Taxpayers foot the bill for playground compensation

In yet another case of taxpayers having to foot the bill for a playground personal injury compensation case, one pupil was recently awarded  £5,750 after he was splashedon the hand with some custard.

The spurious accident claim happened at a Rotherham, South Yorkshire school when the custard was spilled by another pupil bumping into the first one.  Since the incident, condemnation has been rife for the so-called ‘compensation culture’ spreading through UK schools like wildfire and resulting in personal injury claims for thousands, even though the injuries sustained by pupils seem to be largely innocuous.

Other such instances of seemingly illogical compensation claims paid by schools to pupils include £9,000 awarded to a child after they cartwheeled from a playground boulder and broke their arm, and a £5,70 award given to another after he injured himself whilst attempting to break in to a school.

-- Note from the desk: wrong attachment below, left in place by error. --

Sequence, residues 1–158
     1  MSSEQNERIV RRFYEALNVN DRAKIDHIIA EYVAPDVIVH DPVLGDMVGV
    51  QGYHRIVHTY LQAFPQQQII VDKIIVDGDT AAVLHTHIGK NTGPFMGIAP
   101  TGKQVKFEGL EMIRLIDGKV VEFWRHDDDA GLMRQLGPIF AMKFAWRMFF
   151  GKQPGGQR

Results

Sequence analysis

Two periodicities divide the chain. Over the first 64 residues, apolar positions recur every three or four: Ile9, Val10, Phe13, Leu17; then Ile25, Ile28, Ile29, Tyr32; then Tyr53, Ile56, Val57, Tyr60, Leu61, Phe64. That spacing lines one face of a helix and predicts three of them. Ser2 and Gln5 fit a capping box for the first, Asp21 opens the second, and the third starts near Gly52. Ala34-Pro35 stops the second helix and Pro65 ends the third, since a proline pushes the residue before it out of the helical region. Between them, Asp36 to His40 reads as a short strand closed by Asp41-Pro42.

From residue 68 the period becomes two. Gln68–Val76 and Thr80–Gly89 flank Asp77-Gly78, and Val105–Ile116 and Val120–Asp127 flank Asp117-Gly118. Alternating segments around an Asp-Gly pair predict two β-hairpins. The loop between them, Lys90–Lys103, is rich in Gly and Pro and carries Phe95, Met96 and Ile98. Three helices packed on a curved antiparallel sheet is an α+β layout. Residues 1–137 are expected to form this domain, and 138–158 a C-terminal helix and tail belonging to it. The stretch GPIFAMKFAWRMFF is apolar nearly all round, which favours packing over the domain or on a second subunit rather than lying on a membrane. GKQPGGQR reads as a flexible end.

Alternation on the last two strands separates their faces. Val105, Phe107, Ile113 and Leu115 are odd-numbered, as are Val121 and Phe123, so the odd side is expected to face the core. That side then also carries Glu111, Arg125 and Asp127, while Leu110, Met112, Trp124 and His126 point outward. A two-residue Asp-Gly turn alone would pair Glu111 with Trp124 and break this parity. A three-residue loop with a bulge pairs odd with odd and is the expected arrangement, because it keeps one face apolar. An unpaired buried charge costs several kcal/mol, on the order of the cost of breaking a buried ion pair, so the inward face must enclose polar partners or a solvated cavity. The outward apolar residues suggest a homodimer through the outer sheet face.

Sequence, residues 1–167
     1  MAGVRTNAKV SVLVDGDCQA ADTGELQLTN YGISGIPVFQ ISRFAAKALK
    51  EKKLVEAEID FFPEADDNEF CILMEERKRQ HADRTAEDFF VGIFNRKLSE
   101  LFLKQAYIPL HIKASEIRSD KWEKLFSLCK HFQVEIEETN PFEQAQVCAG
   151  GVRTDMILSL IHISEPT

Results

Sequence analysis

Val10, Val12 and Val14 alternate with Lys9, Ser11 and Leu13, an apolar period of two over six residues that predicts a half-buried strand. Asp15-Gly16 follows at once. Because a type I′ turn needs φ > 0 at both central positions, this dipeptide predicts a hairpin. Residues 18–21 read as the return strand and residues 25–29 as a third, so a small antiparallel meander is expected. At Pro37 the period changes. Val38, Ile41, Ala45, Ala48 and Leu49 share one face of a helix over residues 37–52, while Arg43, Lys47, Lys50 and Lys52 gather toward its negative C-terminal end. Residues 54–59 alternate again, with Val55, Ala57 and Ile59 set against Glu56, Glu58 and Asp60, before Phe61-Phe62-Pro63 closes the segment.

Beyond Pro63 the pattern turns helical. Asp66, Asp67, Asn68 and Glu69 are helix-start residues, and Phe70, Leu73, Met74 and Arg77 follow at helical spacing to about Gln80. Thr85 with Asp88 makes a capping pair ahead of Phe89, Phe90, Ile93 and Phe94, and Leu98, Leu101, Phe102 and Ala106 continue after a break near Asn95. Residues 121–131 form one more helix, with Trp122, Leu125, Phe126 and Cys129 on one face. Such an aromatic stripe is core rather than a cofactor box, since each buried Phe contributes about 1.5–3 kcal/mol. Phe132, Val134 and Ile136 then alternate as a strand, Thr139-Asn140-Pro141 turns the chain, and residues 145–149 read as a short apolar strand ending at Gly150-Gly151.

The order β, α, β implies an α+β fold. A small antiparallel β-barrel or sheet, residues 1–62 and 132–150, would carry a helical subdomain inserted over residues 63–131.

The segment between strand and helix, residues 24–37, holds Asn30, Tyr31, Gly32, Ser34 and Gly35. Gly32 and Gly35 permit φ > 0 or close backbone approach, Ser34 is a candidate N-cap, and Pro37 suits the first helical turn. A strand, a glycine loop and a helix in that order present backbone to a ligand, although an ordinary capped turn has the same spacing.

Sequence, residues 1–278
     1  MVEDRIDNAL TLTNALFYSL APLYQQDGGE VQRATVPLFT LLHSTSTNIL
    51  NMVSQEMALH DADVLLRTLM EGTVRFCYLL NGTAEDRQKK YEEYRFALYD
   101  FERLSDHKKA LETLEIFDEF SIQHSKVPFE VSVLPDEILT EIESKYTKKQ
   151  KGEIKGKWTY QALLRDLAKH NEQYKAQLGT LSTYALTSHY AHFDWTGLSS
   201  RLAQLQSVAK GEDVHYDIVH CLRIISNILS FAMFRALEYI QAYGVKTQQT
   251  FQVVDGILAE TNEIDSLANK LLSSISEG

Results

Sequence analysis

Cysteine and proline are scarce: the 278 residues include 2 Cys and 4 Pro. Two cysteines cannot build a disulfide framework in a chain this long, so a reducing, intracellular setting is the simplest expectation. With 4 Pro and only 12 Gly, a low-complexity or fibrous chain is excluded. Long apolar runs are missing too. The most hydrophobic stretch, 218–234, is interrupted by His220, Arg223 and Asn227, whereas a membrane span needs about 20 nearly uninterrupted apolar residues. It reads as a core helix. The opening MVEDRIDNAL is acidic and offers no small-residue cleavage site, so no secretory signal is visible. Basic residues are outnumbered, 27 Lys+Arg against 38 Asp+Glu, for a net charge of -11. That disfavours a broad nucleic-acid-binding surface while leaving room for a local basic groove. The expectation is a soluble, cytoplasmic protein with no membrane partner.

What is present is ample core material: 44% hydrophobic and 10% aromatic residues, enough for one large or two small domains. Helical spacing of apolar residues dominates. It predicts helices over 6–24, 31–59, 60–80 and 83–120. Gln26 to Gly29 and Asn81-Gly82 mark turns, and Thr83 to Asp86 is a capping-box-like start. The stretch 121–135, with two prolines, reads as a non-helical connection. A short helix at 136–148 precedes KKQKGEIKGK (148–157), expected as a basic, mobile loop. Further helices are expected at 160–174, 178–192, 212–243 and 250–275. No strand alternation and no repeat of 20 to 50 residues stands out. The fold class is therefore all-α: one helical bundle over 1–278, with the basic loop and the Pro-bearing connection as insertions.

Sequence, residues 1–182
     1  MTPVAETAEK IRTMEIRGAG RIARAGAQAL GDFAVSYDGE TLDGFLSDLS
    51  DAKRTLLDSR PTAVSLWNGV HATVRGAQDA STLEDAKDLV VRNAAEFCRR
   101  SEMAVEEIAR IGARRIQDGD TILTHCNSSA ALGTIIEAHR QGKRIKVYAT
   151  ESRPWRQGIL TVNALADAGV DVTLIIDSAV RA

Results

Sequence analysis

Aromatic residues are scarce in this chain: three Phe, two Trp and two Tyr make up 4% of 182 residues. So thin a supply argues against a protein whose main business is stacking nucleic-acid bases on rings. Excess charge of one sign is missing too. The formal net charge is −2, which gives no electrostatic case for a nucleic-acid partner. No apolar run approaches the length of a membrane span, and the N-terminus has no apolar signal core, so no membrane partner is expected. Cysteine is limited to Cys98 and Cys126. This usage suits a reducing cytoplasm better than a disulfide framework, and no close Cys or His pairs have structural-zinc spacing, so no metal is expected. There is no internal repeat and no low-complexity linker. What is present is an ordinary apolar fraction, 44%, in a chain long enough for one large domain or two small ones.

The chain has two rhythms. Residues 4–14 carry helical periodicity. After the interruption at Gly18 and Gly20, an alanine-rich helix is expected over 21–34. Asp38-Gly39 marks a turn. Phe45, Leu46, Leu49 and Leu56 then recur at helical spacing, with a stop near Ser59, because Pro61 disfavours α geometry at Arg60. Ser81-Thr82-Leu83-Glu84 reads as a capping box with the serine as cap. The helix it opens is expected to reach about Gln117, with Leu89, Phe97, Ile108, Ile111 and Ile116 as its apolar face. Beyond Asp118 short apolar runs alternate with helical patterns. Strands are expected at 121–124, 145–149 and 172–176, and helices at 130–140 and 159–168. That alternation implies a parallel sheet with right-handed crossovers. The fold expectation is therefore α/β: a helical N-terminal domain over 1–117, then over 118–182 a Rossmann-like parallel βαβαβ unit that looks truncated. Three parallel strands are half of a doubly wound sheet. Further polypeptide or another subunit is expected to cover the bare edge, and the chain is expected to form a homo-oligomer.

The madness seems to be spreading across the country; the council in Gateshead gave one pupil nearly £5,000 after an anxiety claim due to a lack of teacher supervision, while a Doncaster pupil was given £3,000 after they suffered cuts from rose bushes.

Meanwhile, Gloucestershire council paid out £7,000 to a pupil after an injury related to a teacher’s rugby tackle demonstration.  Councils have paid out in excess of £2 million in compensation last year after injured children brought about more than 340 successful claims for compensation.

Many of these claims brought about by these children, through the help of their parents, have been labelled as ‘frivolous’ by critics.  The money should instead be going towards improvements to the schools in question, these critics say.

Campaign for Real Education secretary, Nick Smeaton, condemned these awards, remarking that it was simply scandalous that so much taxpayer money is spent on such claims instead of making UK schools better.

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